Of course, there are rules to be obeyed. A transient knowledge of Star Trek moral codes will warn us that if we upset the space time continuum there will be dire consequences. All right it may save humpback whales and release Voyager from an icy tomb but if you mess around with time you may end of up never having been born at all.

Looper is the latest presentation of movie time travel and it sums up confusingly the perplexing paradoxes of moving through time. By killing one's future self in the past and then killing one's past self in the future, how can there even be a movie in the first place?

H.G. Wells has much to answer for. While I'm not completely up to date with time travel in Classical and medieval texts, it's quite likely that The Time Machine was one of the first depictions of such a vehicle or machine in literature. However, considering that it led to an unpleasant encounter with  the Morlocks, the ultimately evolved working man, it's surprising that there were any more. Nevertheless, many years on, Jeremy Irons dusted off the machine only to find himself back in the future in the same place. You'd have thought he would have read up on it first.

Interestingly, Felix Palma re-examines the evidence of the H.G. Wells time machine in The Map of Time – travel through the Fourth Dimension might not be all that it cracks up to be. Although, if you lived in a London predated upon by Jack the Ripper, or you happen to be the Elephant Man, you can understand the appeal. In the latest novel, The Map of the Sky, Palma takes a closer look at H.G. Wells' reports of the invasion by Martians, another event that may lay in store for us for which we should prepare.

My favourite series of children's books focuses upon time travel – Alex Scarrow's TimeRiders. In each of the books the intrepid teen heroes, each rescued out of time, travel back to a different period of time (Jurassic, Roman, Norman, American Civil War and Victorian times) to right the wrongs that have been made in the past by the future. But what if the future has become so terrible that this seems the only solution? Is it right to prevent the changes, even if it does mean that we end up evolving into a race of technologically-advanced lizards?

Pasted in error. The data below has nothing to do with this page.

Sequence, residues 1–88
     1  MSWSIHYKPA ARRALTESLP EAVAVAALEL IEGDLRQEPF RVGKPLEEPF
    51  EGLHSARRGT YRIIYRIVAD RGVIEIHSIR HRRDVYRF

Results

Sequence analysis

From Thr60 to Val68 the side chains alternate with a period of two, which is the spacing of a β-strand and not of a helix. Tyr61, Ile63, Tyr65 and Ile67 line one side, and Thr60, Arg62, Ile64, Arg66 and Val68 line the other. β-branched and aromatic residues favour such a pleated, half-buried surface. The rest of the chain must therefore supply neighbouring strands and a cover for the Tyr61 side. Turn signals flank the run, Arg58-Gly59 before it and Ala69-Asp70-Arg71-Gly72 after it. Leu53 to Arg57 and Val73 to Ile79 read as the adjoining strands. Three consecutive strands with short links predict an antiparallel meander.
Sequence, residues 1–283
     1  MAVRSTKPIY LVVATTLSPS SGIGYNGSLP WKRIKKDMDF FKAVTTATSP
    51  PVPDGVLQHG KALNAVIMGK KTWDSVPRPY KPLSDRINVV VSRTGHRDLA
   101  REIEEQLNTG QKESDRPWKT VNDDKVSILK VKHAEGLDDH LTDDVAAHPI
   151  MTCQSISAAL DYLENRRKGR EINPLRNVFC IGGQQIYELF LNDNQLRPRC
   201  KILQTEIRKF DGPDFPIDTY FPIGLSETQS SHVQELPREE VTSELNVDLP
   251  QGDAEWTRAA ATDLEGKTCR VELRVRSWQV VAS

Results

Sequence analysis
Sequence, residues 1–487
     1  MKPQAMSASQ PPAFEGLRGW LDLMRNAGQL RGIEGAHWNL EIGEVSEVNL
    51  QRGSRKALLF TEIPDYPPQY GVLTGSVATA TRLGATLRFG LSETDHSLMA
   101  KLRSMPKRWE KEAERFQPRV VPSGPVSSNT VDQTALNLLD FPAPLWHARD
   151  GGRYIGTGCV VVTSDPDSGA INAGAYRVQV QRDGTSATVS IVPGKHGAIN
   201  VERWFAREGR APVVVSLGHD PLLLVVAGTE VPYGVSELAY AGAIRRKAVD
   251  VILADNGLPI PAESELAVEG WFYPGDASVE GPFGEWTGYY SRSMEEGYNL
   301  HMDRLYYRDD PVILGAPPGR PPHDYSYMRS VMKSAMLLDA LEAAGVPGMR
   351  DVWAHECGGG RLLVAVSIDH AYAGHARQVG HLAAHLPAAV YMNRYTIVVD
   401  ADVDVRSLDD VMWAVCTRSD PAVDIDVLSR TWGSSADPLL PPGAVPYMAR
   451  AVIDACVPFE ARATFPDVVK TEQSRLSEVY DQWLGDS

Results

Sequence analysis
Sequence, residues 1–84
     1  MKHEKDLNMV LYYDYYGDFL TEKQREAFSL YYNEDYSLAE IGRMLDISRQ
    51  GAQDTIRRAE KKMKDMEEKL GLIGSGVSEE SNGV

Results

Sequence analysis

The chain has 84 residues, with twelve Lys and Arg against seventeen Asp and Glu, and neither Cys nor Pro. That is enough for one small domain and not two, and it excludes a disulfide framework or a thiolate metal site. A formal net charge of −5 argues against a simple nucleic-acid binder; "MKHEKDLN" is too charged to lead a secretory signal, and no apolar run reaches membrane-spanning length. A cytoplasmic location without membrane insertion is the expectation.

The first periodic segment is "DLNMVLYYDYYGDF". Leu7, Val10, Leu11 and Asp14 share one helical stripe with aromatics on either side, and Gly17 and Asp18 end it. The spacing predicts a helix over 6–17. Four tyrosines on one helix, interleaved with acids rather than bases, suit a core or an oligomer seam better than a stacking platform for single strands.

Which begs the question - what would you do if you could go back in time? 
Is there a dictator you would like to kill or, as in the latest sixth TimeRiders novel, a human monster that needs to be stopped? But as City of Shadows showed, going back in time to kill Jack the Ripper might have seemed a good idea at the time, but its butterfly effect may have catastrophic consequences.

In Source Code, the secret sinister military have discovered a way to send an agent back into the last few hours of time, again and again. While this may have its uses – as here by solving a terrorist attack on a train and saving countless times – it's not necessarily good for the person who has to do the time changing, especially if it means having to be killed first.

Sometimes, though, travelling back in time can remind us of how good we have it now, even if the past is populated by the great artists and writers who lived in Paris in the 1930s. In Midnight in Paris, Woody Allen uses time travel as a form of therapy for a neurotic novelist and an even more loopy muse. The present does have its charms especially, according to Mr Allen, in Paris in the rain. Personally speaking, Paris in the sunshine has a lot more going for it.

It is a fact of time travel that the past does not like to be changed. You only have to watch Twelve  Monkeys to see the truth of that. And then there's Final Destination – five movies (at least) have now demonstrated convincingly that the future does not like to me messed with either. It would seem that the only potential way to alter the future is to reasses and redress the present.

What do you think? 
What's your favourite time travel story? 
What questions and paradoxes fascinate and perplex you?

Monday, 8 October 2012

Not a review of the Hunger Games by Julienne Durber

As the title suggests, this is not a review of the Hunger Games. There are plenty of those about for both the book and the film.  What I'm going to do is look at why I think that the Hunger Games is the first book I've read for Demention that appeals equally to both girls and boys.